At the same time, the CPF model also provided the government with an attractive self-generating pool of savings that they could tap into for special development funding.
By underpinning the system with a socio-economic model that promoted “self-reliance, a traditional family support system, thrift and a positive incentive to work, and non-inflationary economic growth”4, the Central Provident Fund provided a powerful impetus for ingraining many of the values around fiscal responsibility that have helped make Singapore the economic powerhouse it is today.
The idea is that the financial burden of social security should remain within a generation and not be shifted to the younger generation.
How much of this financial success story can we attribute to the Central Provident Fund model? This is a difficult question to answer with any degree of certainty. The development economists who evaluate the programme would argue that this has been one of its greatest achievements – and we will get to that point shortly5.
But pension fund experts have a different assessment. From the perspective of the Melbourne Mercer Global Pension Index, Singapore currently ranks only one grade higher than South Africa at a C+ score6.
Importantly, the Melbourne Mercer Global Pension Index bases its assessment on the effectiveness and sustainability of the social protections at retirement. What’s not included in the analysis is whether the programme might have been successful at helping individuals (and the country of Singapore) achieve broader financial goals throughout their lives.
In developed economies with a maturing demographic, retirement savings need to take the centre stage in policy debates around social welfare. In developing economies with limited resources though, it’s all about how a long-term savings programme can provide the greatest bang for buck for all stakeholders.
When retirement fund experts Olivia Mitchell and David McCarthy evaluated the Central Provident Fund, the evaluation was in the context of how well the system addresses the economic challenges of population ageing. Their assessment: because of early, potentially sub-optimal allocation choices (say, towards housing at the expense of retirement savings), members of the CPF might find themselves asset rich but cash poor when they enter retirement. While the real return on that property may be close to 5.8%, the income replacement from the residual retirement savings might typically rise to a replacement ratio of only 28% of final salary.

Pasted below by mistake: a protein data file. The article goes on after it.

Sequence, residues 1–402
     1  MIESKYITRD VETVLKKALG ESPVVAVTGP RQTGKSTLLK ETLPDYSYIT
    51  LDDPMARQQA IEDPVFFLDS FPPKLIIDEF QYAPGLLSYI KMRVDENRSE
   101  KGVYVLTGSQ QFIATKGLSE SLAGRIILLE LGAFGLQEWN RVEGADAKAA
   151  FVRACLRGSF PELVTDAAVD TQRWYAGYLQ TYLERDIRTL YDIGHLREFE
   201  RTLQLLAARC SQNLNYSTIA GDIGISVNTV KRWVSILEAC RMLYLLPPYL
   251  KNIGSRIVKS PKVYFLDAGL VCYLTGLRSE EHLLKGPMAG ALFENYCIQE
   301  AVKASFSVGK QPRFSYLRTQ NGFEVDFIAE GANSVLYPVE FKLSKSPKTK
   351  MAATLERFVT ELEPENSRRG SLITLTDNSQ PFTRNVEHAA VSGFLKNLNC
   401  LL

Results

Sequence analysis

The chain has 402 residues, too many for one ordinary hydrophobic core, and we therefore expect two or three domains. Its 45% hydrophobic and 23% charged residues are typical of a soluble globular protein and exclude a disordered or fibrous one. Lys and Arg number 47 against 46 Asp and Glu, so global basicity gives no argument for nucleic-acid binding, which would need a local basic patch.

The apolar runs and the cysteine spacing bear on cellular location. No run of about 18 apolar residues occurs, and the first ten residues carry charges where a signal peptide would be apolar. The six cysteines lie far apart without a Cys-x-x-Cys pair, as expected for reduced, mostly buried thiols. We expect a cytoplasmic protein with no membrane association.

While this criticism of the potential shortfall is valid, perhaps the measure of real value to the individual needs to cover their and their families’ whole financial journeys, not just the end-game of retirement7.
When development economists Amartya Sen and Michael Sherraden weigh in, the assessment has a decidedly different flavour to it. What they see embedded in the CPF model ties more neatly into what they would term asset-based development programmes. Asset-based development is all about formulating an integrated approach to building human, social and economic capital. As development economists describe it: “The theory behind asset-based development or welfare policies suggests that while income facilitates immediate consumption, social development over the long term occurs primarily through asset accumulation and investment. Assets may not only provide individuals with the ability to exert control over resources that can increase their financial security, they might also orient owners to future aspirations and be linked to positive economic, psychological and social effects”8.
The rising popularity of asset-based welfare programmes stems from a post-1990 shift in development thinking. What would be the most effective way to leverage an individual’s self-determination around their financial well-being? What Sherradan argued was that “people’s behaviour and attitudes are affected by access to assets, even minor ones. This in turn affects their ability to make choices and their human capability or human capital”9.Where welfare policies for the poor tend to focus on ‘income-for-consumption’, asset acquisition policies change the focus for families and communities from maintenance to capability building.
As Nobel prize winning economist Amartya Sen described it: it facilitates “the substantive freedom of individuals to achieve alternative functioning combinations” where functioning “reflects the various things a person may value doing or being”10.
Effectively structured, these types of savings programmes are designed to provide people with limited financial and economic resources with opportunities or knowledge to acquire and accumulate long-term productive assets – assets that can produce other assets such as housing, education, financial savings and income-generating opportunities10. These programmes tend to focus on deriving financing access from a savings model, as opposed to a credit model. Their most distinctive feature, though, is that they provide the funding or savings participant with guidance and knowledge on how to most effectively apply their new access to income leverage.
And this is where the concept links around to what we argued in Benefits Barometer 2015: 'The new language' as being an imperative for both policymakers and employers: achieving a level of financial stability and capability in individuals, whether today, tomorrow or the post-retirement future, means we have to start helping individuals solve problems and achieve aspirational goals that have the greatest meaning to them or their families.
1 Singapore Ministry of Finance, 1964
2 Ng, 2000
3 Vasoo and Lee, 2001
4 Tan, 2004
5 Sherraden, 2009
6 The Mercer Melbourne Global Pension Index, 2015
7 McCarthy, 2002
8 Loke and Cramer, 2009
10 Ssewamala, Sperber, Zimmerman & Karimli, 2010